After we got the dogs taken care of, and the van packed up again, we drove a few blocks to the Canadian Tire, where Lexi hurried in to pick up a couple of portable fans to help cool the rear compartment of the van. These fans did seem to help, though only until Flo Rida began chewing through cords...

We'd taken two hours in North Battleford, where normally our stops take at most an hour. So it was already into the evening when we set out on the highway again. We stopped in Lloydminster at the Alberta border to grab Subway for dinner and then carried on, pushing toward Edmonton as night fell outside and the temperature, mercifully, began to drop.

It was somewhere around here that Flo Rida peed on Lexi. Lexi getting peed on is becoming a tradition on these missions, although I know by writing this I'm sealing my own fate. I'll bring waterproof pants on the next one.

We stopped again in Edson, Alberta, during what must have been the only two hours of full darkness that night. We were so north, and so close to the summer solstice, that I could still see remnants of daylight in the sky at midnight, and the first hint of dawn only a couple of hours later.

Our stop went a little quicker and we set out on the road again toward Hinton and Jasper National Park, and the Rockies. Normally, I'm still going strong at this part of the drive, but I could feel fatigue already starting to set in, which worried me because Lexi hadn't yet had much sleep in the passenger seat.

I pushed on into the mountains and over the continental divide, and then as we came down the west slope of the Rockies and the dawn lightened the sky above us, I decided I'd reached my limit.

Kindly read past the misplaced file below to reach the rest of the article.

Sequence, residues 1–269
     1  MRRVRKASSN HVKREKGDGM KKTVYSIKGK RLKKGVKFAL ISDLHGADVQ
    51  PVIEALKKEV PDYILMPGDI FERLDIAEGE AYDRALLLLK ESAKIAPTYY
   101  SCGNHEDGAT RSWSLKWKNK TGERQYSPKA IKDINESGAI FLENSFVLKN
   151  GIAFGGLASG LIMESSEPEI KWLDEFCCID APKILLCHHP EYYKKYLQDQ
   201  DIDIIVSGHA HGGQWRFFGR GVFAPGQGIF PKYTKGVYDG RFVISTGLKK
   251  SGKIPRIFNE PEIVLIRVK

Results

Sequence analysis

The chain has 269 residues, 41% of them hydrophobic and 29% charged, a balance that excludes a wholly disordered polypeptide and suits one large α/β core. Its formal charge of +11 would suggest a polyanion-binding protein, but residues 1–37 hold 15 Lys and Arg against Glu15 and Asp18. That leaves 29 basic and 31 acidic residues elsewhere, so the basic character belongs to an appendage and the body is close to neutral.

There's always a temptation to try to be a hero on these missions, and keep driving past the point of sanity, but the risks are too great for that kind of a gamble. It's not only my life I'm endangering, but Lexi's, and twenty-seven dogs', and whoever else we might find on the highway.

So I pulled us into the Mount Robson parking lot, and after we'd admired the almost-cloudless peak of the highest point in the Canadian Rockies, I gave Lexi the driver's seat and curled up on the passenger side for a nap.

The nap did the trick; I was out, and when I woke up, my bestie had capably piloted us more than 250kms to the town of Little Fort, BC, on the North Thompson River and about a hundred clicks up from Kamloops.

There's a lovely rest stop here where we've let the dogs out before, and we pulled off again to give our cargo a break and some food in the fresh morning air.

Our efforts attracted the attention of a wonderful municipal worker who was tending to the rest stop facilities; she chatted with us about the dogs for a bit, and then bid us goodbye--only to come back a few minutes later with pastries and coffee from a local store, as well as a box of Milk Bones for the dogs.